Back in March 2017, I reported on a proof of concept attempt to create rifling grooves, essential to ensure stabilization of bullet, in a length of steel tubing using a process known as Electrochemical Machining (ECM). This was achieved using a simple jig designed using a 3D printer combined with copper wire laid into the ‘mirrored’ groove channels through which salt water is continuously passed through using an inexpensive electric pump and bucket set up. Essentially this process is the reverse of electroplating, instead eroding away an exposed surface, in this case, a series of shallow channels usually produced using a rifling cutting tool or by having a ‘button’ forced through.
Fast-forward to 2019 and a decentralized collective of gun designers operating under the group name ‘Deterrence Dispensed’ have perfected a method of producing DIY 9mm barrels which not only match but potentially can exceed the quality and performance of many professional factory produced barrels. The best thing about this method is that this allows you to produce barrels without needing a workshop and can even be made quietly in the comfort of one’s cozy apartment. Along with a $200 Ender 3 3D printer, parts for this setup cost less than $100 and the process of making each barrel takes less than 30 minutes to complete. The tubing used to make the barrels can be ordered from Aliexpress and is supplied pre-hardened. Unlike challenges with traditional rifling methods, the ECM process is unaffected by the hardness of a material and can be used on any type of steel without needing to anneal or re-harden.
This project pays homage to Jeffrod’s L12k project to use ECM to rifle barrels on a dirt cheap setup. I wanted to standardize the process and get it as cheap as possible. My process and shopping list ring in at under 100 bucks, assuming you have access to a 3d printer. If you don’t have a printer, a 200 dollar Creality Ender 3 will work. This project was named “ButWhatAbout: Barrels”, as a sort of middle finger to the brainlets who felt the need to ask “But what about the barrel? How are you printing that?” when they saw the printed Glock frame CAD release. It’s not a printed Glock barrel, but it is a barrel made by 3d printing plus ECM.
The testbench with barrel mounted. 75 rounds and counting through this setup. It has achieved 2.5in groups at 25 yards, with no signs of tumbling or unstable flight. You can ring steel at 100 yards consistently once it’s screwed down to a shooting bench. Note the hexagonal muzzle crown – ECM is capable of doing polygonal rifling.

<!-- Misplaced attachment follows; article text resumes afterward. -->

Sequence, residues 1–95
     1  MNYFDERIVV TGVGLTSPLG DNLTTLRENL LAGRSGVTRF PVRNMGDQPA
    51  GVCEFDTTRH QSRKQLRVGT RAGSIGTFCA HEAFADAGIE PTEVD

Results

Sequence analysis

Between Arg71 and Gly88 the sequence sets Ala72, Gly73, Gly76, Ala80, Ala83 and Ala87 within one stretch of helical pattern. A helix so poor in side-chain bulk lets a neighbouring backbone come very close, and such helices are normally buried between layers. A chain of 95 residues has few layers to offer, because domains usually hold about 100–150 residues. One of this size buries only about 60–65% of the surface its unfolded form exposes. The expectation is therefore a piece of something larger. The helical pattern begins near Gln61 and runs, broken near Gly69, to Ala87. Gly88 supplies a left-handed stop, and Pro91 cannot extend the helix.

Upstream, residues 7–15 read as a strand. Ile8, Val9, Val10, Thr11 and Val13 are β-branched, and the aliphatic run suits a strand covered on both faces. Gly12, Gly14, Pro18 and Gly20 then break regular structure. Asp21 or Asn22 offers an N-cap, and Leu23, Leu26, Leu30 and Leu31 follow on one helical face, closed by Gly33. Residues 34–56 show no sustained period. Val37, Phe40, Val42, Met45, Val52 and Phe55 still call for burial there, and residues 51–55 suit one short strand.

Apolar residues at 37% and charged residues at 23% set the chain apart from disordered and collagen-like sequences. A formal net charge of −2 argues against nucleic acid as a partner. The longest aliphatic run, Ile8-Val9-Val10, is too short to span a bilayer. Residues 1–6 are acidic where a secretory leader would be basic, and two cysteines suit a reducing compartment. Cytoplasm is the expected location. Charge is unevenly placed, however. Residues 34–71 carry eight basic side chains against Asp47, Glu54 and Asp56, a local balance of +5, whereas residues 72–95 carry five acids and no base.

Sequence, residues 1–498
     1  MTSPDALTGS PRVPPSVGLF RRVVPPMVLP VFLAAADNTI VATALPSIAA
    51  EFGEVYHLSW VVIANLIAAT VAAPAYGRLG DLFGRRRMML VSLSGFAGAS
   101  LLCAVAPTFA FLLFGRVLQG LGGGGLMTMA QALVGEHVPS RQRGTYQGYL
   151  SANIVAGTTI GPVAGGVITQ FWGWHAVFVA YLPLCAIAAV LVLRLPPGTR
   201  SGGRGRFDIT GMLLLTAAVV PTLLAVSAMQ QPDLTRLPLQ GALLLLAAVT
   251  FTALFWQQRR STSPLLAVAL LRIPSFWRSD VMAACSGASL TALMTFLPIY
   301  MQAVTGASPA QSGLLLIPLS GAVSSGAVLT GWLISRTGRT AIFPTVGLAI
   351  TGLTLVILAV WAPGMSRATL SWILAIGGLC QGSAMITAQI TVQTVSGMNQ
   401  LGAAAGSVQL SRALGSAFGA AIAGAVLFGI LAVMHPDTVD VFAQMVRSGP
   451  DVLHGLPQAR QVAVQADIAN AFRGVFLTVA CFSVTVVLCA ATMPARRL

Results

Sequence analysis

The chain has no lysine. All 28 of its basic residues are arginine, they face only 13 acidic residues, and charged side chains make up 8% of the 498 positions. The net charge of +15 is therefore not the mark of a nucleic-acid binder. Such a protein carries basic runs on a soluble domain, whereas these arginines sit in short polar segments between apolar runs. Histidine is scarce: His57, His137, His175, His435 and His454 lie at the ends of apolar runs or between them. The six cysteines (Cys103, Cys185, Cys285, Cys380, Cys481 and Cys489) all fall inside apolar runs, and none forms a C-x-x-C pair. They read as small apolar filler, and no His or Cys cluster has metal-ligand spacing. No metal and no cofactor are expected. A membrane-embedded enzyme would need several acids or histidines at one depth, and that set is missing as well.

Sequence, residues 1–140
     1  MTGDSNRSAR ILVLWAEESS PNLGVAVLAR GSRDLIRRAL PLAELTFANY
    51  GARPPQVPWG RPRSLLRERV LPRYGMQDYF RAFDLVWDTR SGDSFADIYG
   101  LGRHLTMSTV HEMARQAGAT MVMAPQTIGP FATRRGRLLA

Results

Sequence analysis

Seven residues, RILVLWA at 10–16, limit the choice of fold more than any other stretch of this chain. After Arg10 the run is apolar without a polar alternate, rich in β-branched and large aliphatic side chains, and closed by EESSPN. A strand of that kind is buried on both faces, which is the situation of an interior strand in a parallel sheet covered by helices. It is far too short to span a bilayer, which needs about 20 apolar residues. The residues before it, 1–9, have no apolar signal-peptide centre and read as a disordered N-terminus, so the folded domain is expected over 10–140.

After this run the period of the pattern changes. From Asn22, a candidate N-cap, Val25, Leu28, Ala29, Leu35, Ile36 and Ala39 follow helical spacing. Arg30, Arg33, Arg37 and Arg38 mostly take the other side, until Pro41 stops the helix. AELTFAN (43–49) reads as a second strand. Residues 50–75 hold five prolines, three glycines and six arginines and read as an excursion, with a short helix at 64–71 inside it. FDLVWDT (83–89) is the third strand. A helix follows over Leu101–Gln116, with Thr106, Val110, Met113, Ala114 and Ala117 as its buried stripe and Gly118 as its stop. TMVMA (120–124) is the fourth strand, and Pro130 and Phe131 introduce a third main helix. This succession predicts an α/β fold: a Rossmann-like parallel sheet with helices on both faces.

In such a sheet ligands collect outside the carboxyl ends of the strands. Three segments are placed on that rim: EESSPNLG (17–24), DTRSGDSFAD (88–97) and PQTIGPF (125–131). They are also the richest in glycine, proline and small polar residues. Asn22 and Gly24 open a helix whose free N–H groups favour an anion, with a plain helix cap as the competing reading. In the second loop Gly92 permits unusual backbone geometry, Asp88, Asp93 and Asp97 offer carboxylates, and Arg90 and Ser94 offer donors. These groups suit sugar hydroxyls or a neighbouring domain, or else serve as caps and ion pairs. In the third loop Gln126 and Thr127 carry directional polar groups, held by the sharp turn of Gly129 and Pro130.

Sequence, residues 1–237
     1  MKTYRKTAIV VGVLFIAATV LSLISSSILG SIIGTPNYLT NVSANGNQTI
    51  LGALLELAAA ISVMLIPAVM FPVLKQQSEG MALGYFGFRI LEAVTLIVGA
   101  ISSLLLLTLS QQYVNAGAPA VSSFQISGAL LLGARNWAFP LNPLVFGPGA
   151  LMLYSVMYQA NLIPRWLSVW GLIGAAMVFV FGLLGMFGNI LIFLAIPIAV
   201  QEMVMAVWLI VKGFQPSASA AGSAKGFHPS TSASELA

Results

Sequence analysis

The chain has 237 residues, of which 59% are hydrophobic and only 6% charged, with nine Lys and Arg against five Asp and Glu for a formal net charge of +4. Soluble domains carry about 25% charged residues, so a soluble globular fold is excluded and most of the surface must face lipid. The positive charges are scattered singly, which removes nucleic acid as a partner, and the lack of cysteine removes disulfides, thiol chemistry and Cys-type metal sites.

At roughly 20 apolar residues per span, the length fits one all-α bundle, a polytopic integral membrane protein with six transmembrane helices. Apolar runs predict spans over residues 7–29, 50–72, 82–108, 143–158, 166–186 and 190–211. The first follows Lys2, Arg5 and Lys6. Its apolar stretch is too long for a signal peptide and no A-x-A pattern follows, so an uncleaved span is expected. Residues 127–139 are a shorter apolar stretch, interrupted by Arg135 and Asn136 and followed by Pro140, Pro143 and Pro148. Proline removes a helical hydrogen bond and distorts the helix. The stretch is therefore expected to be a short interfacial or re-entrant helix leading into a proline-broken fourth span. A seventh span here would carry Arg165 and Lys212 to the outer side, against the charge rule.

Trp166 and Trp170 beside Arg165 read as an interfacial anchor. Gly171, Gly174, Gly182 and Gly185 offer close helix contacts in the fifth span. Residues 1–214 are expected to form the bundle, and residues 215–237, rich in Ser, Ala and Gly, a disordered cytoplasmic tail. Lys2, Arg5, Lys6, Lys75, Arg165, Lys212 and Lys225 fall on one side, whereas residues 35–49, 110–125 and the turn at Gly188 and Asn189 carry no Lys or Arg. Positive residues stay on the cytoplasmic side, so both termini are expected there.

The tool used to rifle the barrel. 3d printed mandrel with copper wire wrapped in the grooves to act as an electrode.
Boring setup. Since the barrel stock is 8mm inside diameter off the shelf, you need to bore it to 8.8mm. I used a center piloted .250 steel rod for this.
Best pic of the rifling I’ve got. This was around 50 rounds down the barrel. There are a couple burrs in the grooves, but they don’t seem to hurt accuracy at all. This view is from the chamber end, you can see the chamber seat close to the camera.
Ivan has since reported that one of the barrels has been fired 123 times without any visible wear or affect to accuracy, A full photo log showing the first barrel being made can be viewed here.
A video explaining the entire process can be be viewed here:
A full materials list can be viewed here.
As part of the project ‘ButWhatAbout’, the barrel will eventually feature in a mostly 3D printed 9mm semi-automatic carbine, aptly christened the FGC9 (Which stands for F**** Gun Control, 9mm). The FGC9 is an improved version of the Shuty AP9, a 9mm semi-automatic pistol which has demonstrated successfully firing multiple magazines flawlessly in various videos published by its creator Derwoodvw. Whereas the original Shuty design required the builder to obtain a Glock barrel, not something readily available outside the US, the FCG9 makes use of both Ivan’s DIY barrel design as well as 3D printed G17 magazines.